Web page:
War Eclipses New Jersey, Virginia Races
By Greg McDonald, Senior Writer
September 11 changed America. People talk about a new patriotism and tolerance for one another, a new sense of purpose. This new reality is hardly reflected in the only major U.S. election campaigns this year. In New Jersey and Virginia, both of which were tragically affected by the the terrorist attacks, the candidates for governor are trying to engage distracted voters with traditional politics.
In the homestretch of the Garden State race, Republican Bret Schundler and Democrat Jim McGreevey are playing hardball politics that tend to distort rather than amplify how they would handle issues such as taxes and education, experts say.
The political line - when in doubt, go negative - has never rung clearer. "Unfortunately, people do respond to negatives." says political scientist and sometimes Republican consultant Stephen Salmore.
Schundler, Jersey City's conservative mayor, is painting McGreevey as a big spending liberal who will raise taxes and wreck the state's education system. Recent polls show he is slowly whittling away at McGreevey's 10-to-12 point lead going into the last week of the campaign.
McGreevey, a former state assemblyman who came within 20,000 votes of defeating former Gov. Christine Todd Whitman four years ago, says his opponent is part of the same old crowd that "made New Jersey number one" in higher car insurance premiums, property taxes and toxic waste sites.
McGreevey remains the favorite. But "anything is possible in this unique election year," says Salmore, a professor emeritus at Fairleigh Dickinson University.
One of the problems for the candidates is maintaining public interest in the Nov. 6 elections when the primary focus of most is the threat of terrorism.
In New Jersey, 17 percent of likely voters surveyed just before the Sept. 11 attacks on the World Trade Center and Pentagon said they were following the McGreevey-Schundler battle "closely." In a more recent poll the figure had dropped to nine percent.
The race is now hardly a blip on the radar screen. It draws little television coverage, and has not made the front page of the state's prominent newspapers since the attacks.
"This year's governor's race has just about disappeared," says Salmore. "Can you imagine a race where interest actually declines as the election nears?"
When asked what she expects the New Jersey turnout to be, Hamilton Township resident Peggy Nichols shrugs. She says she just feels "lost" and thinks a lot of other voters feel that way too.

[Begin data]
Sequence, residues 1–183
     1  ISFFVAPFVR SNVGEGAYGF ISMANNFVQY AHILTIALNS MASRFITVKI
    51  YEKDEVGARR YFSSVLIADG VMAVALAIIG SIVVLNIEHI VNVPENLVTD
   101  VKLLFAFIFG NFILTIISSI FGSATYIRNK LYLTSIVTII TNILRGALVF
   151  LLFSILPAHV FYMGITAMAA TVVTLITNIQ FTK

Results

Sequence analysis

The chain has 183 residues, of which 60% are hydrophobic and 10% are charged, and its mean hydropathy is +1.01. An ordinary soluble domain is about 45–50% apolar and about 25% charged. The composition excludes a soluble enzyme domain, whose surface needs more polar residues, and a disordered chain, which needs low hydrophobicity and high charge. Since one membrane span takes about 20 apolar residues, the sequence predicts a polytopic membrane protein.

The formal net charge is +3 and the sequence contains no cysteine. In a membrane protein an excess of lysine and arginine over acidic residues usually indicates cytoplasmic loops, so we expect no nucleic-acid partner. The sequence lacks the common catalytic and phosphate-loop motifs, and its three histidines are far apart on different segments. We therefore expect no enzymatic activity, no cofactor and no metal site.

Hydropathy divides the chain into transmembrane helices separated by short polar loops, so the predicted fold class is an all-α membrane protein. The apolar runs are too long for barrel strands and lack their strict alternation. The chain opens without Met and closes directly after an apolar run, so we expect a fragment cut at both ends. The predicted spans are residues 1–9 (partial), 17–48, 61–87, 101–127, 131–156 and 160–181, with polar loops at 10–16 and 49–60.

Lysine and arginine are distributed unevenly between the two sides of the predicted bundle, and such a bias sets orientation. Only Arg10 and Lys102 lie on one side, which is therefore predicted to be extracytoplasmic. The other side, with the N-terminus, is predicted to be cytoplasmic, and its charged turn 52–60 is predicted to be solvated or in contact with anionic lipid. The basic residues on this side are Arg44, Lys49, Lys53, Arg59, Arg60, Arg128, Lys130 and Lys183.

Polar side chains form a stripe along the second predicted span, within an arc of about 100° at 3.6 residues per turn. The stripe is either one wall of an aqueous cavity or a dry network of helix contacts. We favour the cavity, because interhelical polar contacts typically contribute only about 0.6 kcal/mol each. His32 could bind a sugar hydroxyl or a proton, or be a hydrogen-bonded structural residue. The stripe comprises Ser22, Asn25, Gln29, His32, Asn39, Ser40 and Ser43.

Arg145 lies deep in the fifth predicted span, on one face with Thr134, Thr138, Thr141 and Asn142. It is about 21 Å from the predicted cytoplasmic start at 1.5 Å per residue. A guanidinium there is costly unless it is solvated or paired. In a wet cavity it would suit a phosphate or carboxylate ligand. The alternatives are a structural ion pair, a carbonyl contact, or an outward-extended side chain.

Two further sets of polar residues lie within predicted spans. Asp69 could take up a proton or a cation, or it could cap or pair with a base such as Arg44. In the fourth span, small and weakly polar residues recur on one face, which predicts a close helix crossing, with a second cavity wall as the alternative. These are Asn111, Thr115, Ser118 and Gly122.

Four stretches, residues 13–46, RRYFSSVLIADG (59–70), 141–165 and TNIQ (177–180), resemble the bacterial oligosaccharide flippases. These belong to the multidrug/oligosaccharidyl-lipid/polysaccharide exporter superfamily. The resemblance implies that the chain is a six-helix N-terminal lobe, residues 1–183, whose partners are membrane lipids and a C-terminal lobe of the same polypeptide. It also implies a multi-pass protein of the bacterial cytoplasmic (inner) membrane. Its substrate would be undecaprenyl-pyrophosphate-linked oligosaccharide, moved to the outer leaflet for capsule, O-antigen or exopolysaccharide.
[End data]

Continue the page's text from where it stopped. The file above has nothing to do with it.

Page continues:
"With all the anthrax stuff and the war, I feel like too much is going on to even think about," says the medical technician from the Trenton suburb where the anthrax letters spreading death and illness may have originated.
In Richmond, Va., a six-hour drive south, Bill Metzger offers much the same view of the governor's race between Democrat Mark Warner and Republican Mark Earley, the only other major political contest this year. A construction worker concerned about losing his job in the economic slowdown, Metzger says "everything seems messed up right now."
"I know who's running," he says. "But I haven't been following it."
Like Schundler and McGreevey, Warner and Earley have apparently concluded that blurring the issues, especially on taxes, will win more votes than it loses.
Earley, who resigned as Virginia attorney general to pursue the governorship, began the campaign portraying himself as a moderate. But in conservative rural areas of the state, he is now playing up his conservative credentials, including his long-time opposition to abortion.
In radio and TV commercials running everywhere but in more moderate northern Virginia, Earley claims Warner would allow minors to get abortions without parental consent -- a claim that The Washington Post says distorts Warner's position.
Both candidates say they would preserve outgoing Republican Gov. Jim Gilmore's popular plan to eliminate the state car tax even though state legislators on both sides of the aisle say Virginia can no longer afford to do it in the face of the economic slowdown and plunging state revenues.
A recent Mason-Dixon poll showed Earley narrowing the 14-point lead Warner held in August to about three points, a virtual dead heat given the poll's plus-or-minus four percent margin of error. But a Washington Post poll (10/28) has Warner still holding a comfortable lead among likely voters by 51 percent to 41 percent. However, the poll noted there are areas in the state where Earley could close that gap some as election day approaches. The Earley team hopes to engage President Bush to do some final campaigning, a move they believe will increase voter turnout among Republicans and undecideds.
Political experts predict voter turnout in Virginia will be low. Besides their focus on the war on terrorism, voters are less attentive to the campaign this year because they "don't see that much difference between the two candidates," says George Mason University political scientist Toni Travis. On the dominant issue of the economy and taxes, Travis notes, both candidates say they will not increase taxes, although Warner would allow a referendum on it in Northern Virginia to fund local transportation measures.
Travis sees the race as a classic confrontation between the old and new Virginia in these uncertain times with both candidates trying to shore up their bases. Warner is playing to moderate northern Virginia voters by stressing "quality of life" concerns like traffic congestion, education and safety, while Earley is falling back on old GOP issues like tax relief and limited government to solidify his standing with conservatives.